5 Commonly Asked Questions About Counseling Training & Careers
What could be more fulfilling than empowering someone who needs a helping hand? Counselors and other professionals in this field get to play a part in doing exactly that every day. They see each human being as worthy of attaining his or her own positive potential. And they work to assist people in discovering the strengths that can make that happen.
After all, America is full of individuals and families who need this kind of assistance. For example, look at these intriguing facts from 2013:
- About 2.2 million adolescents in the U.S. (between the ages of 12 and 17) were users of illicit drugs. Roughly 1.6 million teens of the same age engaged in binge drinking of alcohol. And about 2.6 million young people in that age group experienced at least one major depressive episode.*
- About 10 million American adults had a serious mental health condition, and 9.3 million had serious and relatively recent thoughts of commiting suicide.*
- On any given day, about 1.25 million people were enrolled in treatment for substance abuse (an increase of almost six percent from 2009).*
- Over 39 million people in the U.S. had at least one disability (about 12.6 percent of the population).**
- Almost 16 percent of the American population lived in poverty. About 19 out of every 10,000 people were homeless. And more than 36 percent of the homeless population were people in families.***
- Americans older than age 65 accounted for 44.7 million people. But that number is expected to rise significantly over the next few decades. By 2060, the number of seniors in the country could more than double and total 98 million.****
Clearly, countless opportunities exist to help all kinds of people attain higher states of well-being and vitality. So find out what you need to know about the counseling field by exploring the following answers to five common questions:
1. What Degree Do You Need to Be a Counselor?
It depends. Most professional counselors have at least a bachelor's degree or master's degree in counseling. That's because most states have licensing or certification requirements that necessitate having that level of education in order to practice as a counselor. However, those requirements can vary from state to state. And they can also vary between different counseling professions.
For example, you'll likely need a master's degree before you can qualify for jobs as a clinical mental health counselor, family therapist, rehabilitation counselor, or school or career counselor. Yet, in certain states and under some conditions, limited versions of those roles can be attained with a bachelor's degree.
When it comes to becoming a substance abuse counselor, training requirements vary even more. They depend on factors like where you intend to work and the responsibilities you want to have. As a result, it's possible to enter the field of addiction and behavioral disorder counseling with a diploma, certificate, or associate's degree. The exceptions often arise if you want to do things like engage in one-on-one counseling sessions or go into private practice. In those cases, you almost always need a master's degree.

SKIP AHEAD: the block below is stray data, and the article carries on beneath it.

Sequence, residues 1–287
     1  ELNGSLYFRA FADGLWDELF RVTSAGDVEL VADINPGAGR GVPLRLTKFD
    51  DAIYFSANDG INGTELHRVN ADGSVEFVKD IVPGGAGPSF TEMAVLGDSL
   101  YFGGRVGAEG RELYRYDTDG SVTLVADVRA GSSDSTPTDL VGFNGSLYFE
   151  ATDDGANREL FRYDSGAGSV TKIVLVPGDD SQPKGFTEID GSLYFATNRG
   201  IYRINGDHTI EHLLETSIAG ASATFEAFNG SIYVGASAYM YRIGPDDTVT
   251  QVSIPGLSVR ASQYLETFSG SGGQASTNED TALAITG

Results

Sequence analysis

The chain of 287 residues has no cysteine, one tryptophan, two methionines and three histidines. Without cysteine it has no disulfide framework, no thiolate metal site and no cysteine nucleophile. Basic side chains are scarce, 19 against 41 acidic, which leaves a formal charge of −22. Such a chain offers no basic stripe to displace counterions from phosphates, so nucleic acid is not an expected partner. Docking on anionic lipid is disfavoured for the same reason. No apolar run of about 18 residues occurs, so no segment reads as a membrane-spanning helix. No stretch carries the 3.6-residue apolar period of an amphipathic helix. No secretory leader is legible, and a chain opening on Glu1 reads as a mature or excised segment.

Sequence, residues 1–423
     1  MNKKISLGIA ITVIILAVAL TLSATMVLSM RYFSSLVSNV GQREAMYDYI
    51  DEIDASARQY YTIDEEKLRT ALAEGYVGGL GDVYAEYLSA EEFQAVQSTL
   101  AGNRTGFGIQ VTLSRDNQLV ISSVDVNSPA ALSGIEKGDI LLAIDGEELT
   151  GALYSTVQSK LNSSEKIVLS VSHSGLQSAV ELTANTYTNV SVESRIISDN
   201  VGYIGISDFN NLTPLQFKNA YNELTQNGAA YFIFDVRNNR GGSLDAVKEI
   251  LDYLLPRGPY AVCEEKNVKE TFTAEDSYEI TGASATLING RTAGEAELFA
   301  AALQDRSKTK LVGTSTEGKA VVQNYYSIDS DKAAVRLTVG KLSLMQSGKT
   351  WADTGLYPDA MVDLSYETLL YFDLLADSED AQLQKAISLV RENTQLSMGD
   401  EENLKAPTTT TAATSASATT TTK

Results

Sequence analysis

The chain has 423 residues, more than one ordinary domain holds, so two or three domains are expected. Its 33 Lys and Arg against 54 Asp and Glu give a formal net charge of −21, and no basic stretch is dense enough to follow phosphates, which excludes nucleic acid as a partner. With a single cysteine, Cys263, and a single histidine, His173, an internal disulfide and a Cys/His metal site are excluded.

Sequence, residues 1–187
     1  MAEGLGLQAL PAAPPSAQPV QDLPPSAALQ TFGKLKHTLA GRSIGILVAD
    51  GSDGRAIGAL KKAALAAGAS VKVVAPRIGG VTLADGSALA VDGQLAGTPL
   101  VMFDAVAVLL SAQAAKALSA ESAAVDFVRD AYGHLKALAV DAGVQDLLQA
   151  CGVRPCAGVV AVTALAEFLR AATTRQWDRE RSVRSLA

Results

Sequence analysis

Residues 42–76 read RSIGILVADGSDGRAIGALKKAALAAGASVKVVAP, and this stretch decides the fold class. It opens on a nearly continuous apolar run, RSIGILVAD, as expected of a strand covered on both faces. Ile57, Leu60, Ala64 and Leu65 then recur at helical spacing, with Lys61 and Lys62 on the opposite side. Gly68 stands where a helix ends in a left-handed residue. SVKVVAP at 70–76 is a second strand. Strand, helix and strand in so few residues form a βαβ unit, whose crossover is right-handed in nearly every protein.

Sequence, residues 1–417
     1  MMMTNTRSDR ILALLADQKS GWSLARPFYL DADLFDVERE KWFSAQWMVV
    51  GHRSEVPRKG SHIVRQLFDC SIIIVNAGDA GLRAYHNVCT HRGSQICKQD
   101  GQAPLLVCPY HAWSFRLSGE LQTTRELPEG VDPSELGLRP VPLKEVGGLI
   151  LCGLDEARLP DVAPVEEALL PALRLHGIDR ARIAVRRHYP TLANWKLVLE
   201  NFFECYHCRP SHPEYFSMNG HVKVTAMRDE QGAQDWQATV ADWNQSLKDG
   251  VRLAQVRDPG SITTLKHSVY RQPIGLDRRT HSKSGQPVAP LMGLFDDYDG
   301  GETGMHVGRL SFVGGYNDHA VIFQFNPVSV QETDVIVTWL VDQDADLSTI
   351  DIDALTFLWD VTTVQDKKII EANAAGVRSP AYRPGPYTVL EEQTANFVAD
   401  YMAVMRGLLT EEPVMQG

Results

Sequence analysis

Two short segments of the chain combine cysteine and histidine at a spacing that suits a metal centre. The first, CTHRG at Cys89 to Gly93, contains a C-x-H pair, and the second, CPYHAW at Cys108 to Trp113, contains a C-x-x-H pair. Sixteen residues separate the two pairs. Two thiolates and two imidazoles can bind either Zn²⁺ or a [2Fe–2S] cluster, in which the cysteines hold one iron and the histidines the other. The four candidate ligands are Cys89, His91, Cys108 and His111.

2. Can You Become a Counselor Without a Degree?
Yes. However, this answer generally only applies to becoming a substance abuse counselor in some kind of group treatment or community facility. In that case, a diploma or certificate may be all you need. But it really depends on your state's regulations and the preferences of particular employers. The best rule of thumb to go by is this: The higher level of counseling education you have, the better and more abundant your opportunities are likely to be.
3. What Careers Can You Pursue With a Counseling Education?
Potentially, you can choose from a very wide range of career pursuits. Depending on the educational credentials you attain, you may decide to explore areas such as:
- Mental health counseling—This important field involves helping people understand and cope with their mental illnesses while finding ways to lead more productive and fulfilling lives. It can also involve grief counseling and help with emotional disorders. (Note that mental health counselors are different than psychologists or psychiatrists. And they don't prescribe any medications.)†
- Marriage or family therapy—In this area, the focus is on helping people improve their relationships with loved ones through better understanding and strategic actions.
- Rehabilitation counseling—Professionals in this field assist people who have disabilities with adjusting to their limitations, living as independently as possible, or managing the social and vocational effects of their conditions.
- Behavioral or substance addiction counseling—Helping people identify, understand, and recover from harmful dependencies on alcohol, drugs, or obsessive behaviors like sex, gambling, or eating is the focus of this field.